Finally, to your point on design, perhaps spotting design is a learned trait. Maybe we recognize a sculpture because we've seen other sculptures. Maybe we would recognize an unusual item as a tool because we've seen other tools. Maybe we can distinguish created things from natural things because we've learned the characteristics of created things. Ok, for the sake of argument, I'll grant that identifying design is a learned trait rather than instinct. So what is your point? The hand is more useful and versatile than any tool we've ever designed. Are you saying that because the hand is so superior to anything we've ever built that we just can't see that it's the product of dumb luck? You stick to that argument and I'll stick to mine.

Finally, I understand the concept of specified complexity. But when you're talking about design, I don't know how much complexity has to be present before we recognize the characteristics of design. We can tell the difference between an arrowhead and a rock, for example, even though an arrow head isn't very complex. If an alien visited earth and found nothing but a nut and a bold, I'm sure he would immediately recognize them as being the product of intelligent design.

Thanks for your comments. God bless!!


Steven J. said...

I brought up cecal valves in Italian wall lizards, and the ability to metabolize citrate in E. coli. Are these or are they not "novel traits?" Why or why not?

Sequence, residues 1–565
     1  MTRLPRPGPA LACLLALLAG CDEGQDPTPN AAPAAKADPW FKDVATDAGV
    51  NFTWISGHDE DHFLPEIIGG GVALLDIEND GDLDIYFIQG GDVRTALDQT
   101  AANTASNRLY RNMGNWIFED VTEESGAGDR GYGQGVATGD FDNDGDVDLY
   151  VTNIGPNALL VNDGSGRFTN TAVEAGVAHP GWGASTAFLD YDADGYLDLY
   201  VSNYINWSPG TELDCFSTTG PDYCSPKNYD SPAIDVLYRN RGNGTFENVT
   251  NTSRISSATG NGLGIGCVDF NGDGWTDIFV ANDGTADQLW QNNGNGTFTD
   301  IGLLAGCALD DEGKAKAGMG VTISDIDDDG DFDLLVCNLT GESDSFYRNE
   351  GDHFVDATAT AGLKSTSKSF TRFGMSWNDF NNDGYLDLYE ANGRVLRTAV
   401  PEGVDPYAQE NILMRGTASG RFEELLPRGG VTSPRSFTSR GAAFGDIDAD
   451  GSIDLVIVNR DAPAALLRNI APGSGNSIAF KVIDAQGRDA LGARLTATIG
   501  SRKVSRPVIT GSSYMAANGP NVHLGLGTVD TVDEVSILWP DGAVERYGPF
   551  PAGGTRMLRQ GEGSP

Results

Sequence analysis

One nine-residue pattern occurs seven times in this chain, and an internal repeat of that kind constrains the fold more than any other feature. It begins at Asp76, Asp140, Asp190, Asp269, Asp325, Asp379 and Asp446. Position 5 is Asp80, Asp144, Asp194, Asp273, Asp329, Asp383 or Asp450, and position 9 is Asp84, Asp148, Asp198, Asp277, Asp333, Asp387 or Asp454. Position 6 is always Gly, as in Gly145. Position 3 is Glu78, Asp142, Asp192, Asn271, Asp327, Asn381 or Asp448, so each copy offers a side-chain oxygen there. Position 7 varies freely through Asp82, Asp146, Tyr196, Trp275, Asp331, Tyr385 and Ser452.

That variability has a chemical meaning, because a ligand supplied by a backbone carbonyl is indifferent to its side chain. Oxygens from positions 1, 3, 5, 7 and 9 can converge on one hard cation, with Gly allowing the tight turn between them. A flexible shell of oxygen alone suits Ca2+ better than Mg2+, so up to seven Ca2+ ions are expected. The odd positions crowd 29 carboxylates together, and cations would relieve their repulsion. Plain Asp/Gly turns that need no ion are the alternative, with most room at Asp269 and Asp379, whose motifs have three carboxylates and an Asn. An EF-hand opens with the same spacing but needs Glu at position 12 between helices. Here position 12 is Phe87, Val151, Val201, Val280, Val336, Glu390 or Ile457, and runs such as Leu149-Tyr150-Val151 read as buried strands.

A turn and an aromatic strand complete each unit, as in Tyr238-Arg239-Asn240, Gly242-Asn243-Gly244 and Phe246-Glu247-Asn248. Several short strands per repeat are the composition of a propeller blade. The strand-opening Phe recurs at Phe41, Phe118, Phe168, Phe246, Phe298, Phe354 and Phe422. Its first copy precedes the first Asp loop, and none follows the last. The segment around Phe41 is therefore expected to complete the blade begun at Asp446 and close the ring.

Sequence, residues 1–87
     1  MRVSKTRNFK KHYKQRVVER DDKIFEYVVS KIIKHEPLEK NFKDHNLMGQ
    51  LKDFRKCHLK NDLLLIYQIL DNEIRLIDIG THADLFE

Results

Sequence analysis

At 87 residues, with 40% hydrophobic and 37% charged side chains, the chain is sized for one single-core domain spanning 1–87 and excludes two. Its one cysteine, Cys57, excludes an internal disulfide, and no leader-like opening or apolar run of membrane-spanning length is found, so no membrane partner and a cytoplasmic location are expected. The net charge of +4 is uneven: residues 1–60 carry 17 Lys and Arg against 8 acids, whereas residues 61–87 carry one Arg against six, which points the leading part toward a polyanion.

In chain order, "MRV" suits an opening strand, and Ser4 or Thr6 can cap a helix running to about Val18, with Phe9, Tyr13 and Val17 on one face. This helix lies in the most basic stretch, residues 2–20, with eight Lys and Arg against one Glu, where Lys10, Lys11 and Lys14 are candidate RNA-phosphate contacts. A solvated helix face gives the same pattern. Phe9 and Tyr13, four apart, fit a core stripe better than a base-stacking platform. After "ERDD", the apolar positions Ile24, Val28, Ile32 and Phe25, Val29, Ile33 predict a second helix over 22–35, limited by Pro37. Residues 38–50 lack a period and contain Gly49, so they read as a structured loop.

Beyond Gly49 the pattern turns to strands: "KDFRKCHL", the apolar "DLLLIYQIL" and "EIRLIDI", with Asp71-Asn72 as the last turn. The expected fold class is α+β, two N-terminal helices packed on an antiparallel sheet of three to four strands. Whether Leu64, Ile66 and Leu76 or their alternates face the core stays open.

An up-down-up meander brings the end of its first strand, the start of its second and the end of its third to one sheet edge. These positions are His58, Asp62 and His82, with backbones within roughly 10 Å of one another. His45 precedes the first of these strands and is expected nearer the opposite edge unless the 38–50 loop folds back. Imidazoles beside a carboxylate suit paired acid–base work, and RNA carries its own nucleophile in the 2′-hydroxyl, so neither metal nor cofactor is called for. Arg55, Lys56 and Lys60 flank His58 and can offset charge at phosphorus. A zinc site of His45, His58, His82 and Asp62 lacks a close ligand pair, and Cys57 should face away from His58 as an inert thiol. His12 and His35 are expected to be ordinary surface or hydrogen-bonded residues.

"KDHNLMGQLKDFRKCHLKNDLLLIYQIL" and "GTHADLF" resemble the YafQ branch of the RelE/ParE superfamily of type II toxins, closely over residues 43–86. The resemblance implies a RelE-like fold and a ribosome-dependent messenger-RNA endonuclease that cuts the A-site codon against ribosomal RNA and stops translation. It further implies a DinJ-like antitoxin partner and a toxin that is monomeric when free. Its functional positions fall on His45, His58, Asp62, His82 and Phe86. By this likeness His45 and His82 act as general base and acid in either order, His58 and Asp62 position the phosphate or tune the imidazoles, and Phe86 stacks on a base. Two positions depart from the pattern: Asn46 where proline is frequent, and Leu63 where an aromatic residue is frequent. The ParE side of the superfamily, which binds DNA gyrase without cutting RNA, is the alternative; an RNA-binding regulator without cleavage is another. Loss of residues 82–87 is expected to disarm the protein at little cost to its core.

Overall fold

Well, the last common ancestor of mammals and plants was a single-celled organism, probably colorless, so at least to that extent blue and green colors must have evolved separately in separate lineages. There's nothing particularly weird or contrary to theory in the idea of one lineage losing some trait or ability (the GULO pseudogene is an example of such a case among catarrhine primates). On the one hand, it has been suggested that partial colorblindness among most mammals has removed selective pressures for new fur colors. On the other hand, note that blues and greens in most animals are not the results of pigments, but are structural: microscopic structures in a blue jay's feathers, for example, make them appear blue, but there is no actual blue pigment. The lack of blue fur may represent some basic limitation in the structure of hairs. As for blue feathers or blue scales, these most likely evolved independently several times in different lineages.

The hand is the result of millions of generations of natural selection on mutations; natural selection is, of course, the antithesis of chance or "dumb luck." At the end of the day, it's obviously a modified forefoot, complete with modified claws (modified in a way seen also in monkeys and apes). It's a prime example of what Darwin called "similar structures used for dissimilar functions" (parahomology), and not what we'd expect from custom design of a unique creation, really.

RKBentley said...

Steven J,

The cecal valve may not have been observed in Italian wall lizards but I would hesitate to call it novel because it is present in other species of reptiles. Not having observed it doesn't mean it never existed in this species. It's entirely possible that it existed latent in the population and became express when a few members were introduced to a new environment. We've seen similar things happen in other cases and when the adapted animals are returned to the general population, the adaptation usually disappears in a few generations.

As to the evolution of the hand, I know you don't believe the hand was designed but simply restating your theory isn't a very compelling rebuttal. Design and purpose are characteristics of created things. When people see complex design in nature, it is evidence there is a Creator behind it. It all goes back to what I've said before – same evidence, different explanations. I think my theory explains design better than yours.

Thanks for your comments. God bless!!